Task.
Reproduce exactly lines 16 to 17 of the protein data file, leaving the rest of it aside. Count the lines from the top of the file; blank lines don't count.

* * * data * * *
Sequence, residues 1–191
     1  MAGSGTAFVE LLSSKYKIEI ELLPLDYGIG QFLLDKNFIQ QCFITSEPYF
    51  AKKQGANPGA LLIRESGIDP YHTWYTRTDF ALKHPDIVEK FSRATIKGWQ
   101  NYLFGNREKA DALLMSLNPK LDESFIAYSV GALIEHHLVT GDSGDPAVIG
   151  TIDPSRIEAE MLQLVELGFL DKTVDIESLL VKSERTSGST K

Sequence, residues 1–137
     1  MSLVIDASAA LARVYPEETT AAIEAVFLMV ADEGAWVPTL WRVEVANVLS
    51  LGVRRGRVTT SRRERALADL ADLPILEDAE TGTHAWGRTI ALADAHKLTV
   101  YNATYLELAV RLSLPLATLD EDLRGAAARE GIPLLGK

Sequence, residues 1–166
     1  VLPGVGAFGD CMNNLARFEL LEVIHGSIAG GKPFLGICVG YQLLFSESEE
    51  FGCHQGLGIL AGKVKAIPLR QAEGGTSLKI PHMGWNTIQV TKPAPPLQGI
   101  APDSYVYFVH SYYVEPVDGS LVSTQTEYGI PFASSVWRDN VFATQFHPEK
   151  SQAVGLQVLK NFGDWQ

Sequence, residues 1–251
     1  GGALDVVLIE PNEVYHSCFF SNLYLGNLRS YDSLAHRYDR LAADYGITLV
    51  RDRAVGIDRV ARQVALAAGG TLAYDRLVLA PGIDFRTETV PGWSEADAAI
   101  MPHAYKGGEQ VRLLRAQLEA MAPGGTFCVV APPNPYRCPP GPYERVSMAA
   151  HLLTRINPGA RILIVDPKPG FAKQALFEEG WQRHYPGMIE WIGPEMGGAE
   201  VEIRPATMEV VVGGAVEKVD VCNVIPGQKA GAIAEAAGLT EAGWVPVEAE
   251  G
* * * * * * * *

     1  GGALDVVLIE PNEVYHSCFF SNLYLGNLRS YDSLAHRYDR LAADYGITLV
    51  RDRAVGIDRV ARQVALAAGG TLAYDRLVLA PGIDFRTETV PGWSEADAAI